I started thanking God for a second chance at life. I started researching my brain AVM in hopes of learning more about what I had just experienced. Not only that, but I started educating myself about life after a brain injury. Likewise, I started thinking more positively about myself and my recovery. When I changed my mindset, my life began to flourish in several ways. I stayed in OT for three months, and even though I was not 100% I was able to live an independent life despite hand tremors, inability to walk straight and climb stairs, and some memory loss.
I returned to work in March 2015. My students were so happy to see me, but I was nervous and uncomfortable. With a few months left in the school year, I tried my best to provide quality education to my students. Unfortunately, I would go on to suffer two more miscarriages that summer. That did not dim my light, though. After the fourth miscarriage, I prepared myself for Gamma Knife Radiosurgery in September 2015, which is a therapy procedure that employs radiation and computer-guided planning to treat brain cancers, vascular malformations, and other abnormalities in the brain. The procedure lasted for 2 hours and was successful.
The following year, I decided to move back to my hometown, Atlanta, GA. I found a new job, home, church, and I even started attending a reproductive specialist. My reproductive specialist was remarkable. She is the reason I made a healthy lifestyle change—a balanced diet, exercise routine, meditation, and lowering blood sugar levels (I did not even know they were high). Miraculously, I became pregnant again and gave birth to my three healthy children in January 2018, November 2019, and November 2020. Giving birth to my children has been the happiest moment in my life.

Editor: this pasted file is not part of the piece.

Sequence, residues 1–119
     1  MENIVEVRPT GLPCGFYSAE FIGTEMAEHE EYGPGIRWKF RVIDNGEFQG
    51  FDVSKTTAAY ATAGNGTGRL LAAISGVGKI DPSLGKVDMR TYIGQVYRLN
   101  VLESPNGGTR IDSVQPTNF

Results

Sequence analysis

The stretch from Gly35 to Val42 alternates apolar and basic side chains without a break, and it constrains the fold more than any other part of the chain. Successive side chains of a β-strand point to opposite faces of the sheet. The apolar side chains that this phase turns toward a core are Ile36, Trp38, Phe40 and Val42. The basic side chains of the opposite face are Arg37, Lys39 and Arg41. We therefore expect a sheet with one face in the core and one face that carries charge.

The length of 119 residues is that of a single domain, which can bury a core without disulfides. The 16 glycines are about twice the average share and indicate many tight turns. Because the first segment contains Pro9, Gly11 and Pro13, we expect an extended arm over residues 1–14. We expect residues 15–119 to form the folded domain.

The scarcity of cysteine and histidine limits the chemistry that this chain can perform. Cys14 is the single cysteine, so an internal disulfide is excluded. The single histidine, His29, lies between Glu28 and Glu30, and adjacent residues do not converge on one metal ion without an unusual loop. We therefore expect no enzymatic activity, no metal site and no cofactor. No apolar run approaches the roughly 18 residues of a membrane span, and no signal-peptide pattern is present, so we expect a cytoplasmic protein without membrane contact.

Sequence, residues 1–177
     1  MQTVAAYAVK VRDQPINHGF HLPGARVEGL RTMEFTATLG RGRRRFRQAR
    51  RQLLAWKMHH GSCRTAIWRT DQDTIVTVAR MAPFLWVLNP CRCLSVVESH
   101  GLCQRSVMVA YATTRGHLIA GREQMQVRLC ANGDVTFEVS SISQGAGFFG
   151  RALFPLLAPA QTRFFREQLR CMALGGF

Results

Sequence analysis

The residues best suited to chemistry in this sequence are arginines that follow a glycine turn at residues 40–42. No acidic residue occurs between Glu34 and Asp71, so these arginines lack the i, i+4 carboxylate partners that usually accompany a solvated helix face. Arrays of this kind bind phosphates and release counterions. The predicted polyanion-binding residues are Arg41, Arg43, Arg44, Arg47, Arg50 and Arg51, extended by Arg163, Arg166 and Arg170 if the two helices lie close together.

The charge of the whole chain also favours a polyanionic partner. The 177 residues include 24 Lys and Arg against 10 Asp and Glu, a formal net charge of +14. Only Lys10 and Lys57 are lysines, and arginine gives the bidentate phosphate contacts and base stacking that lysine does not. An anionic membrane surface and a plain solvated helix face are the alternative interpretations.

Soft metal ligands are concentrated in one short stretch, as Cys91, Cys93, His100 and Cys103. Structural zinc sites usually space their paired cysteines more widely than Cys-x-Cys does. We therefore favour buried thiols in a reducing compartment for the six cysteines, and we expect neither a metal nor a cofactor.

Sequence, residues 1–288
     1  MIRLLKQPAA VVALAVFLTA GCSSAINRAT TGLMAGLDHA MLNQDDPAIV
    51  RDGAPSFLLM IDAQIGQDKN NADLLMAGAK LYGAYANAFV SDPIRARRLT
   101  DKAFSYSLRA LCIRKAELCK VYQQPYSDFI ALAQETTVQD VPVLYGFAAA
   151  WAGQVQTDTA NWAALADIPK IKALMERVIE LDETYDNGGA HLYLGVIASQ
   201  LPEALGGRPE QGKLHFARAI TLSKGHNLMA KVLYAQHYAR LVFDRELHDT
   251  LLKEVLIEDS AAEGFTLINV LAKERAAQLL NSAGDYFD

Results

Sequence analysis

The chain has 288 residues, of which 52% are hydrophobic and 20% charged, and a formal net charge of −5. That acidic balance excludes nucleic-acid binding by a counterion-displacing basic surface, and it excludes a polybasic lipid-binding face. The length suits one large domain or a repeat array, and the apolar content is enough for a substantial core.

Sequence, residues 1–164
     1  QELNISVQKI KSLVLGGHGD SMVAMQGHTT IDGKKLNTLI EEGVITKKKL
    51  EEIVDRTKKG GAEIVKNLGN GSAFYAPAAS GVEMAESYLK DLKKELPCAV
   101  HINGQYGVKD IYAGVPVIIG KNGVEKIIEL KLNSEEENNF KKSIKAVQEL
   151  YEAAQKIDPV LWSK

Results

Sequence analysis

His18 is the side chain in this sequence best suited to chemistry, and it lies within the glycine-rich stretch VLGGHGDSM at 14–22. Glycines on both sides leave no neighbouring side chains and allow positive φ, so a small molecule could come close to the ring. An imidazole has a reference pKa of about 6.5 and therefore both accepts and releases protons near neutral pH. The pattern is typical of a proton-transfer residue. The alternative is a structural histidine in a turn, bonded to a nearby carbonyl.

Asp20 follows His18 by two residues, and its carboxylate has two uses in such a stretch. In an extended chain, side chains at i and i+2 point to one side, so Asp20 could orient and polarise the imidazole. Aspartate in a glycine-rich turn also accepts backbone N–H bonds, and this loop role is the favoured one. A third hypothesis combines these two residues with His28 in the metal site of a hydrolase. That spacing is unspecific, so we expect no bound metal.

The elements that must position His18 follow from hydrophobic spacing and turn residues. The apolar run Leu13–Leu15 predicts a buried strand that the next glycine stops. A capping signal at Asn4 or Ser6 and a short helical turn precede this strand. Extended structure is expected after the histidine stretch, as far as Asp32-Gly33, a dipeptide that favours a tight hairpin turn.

God kept me here! I am so thankful that he did. I am thankful for my occupational therapist, my significant other who did not give up on me, and my reproductive specialist. Today, I am an Instructional Coach, a published author of The Power of Healing: A Memoir of Loss & Victory and This Too Shall Pass: Turning Pain Into Power: A Healing Journal for the Woman Needing Encouragement After A Miscarriage , and the owner of two small businesses, Simmaculate Health & Wellness, LLC and Simmaculately Snatched, LLC. I am also the founder of United by Loss, Foundation, Inc. which is a nonprofit organization that provides grief and financial support to women and families who have experienced loss at any stage, including miscarriage, stillbirth, and infant loss.
My advice to other stroke survivors is to be thankful for a second chance at life. Research shows that 1 in 20 people who have strokes do not live. YOU DID!! Find a support group (which I did not have access to) and if you have not already, start OT to help you regain independence in your life. Once you are discharged, continue to practice the routines and skills that you learned during your OT sessions. DO NOT GIVE UP! YOU ARE NOT YOUR DISABILITY!
Kimberly W HUGHES
Absolutely beautiful, thank you for sharing.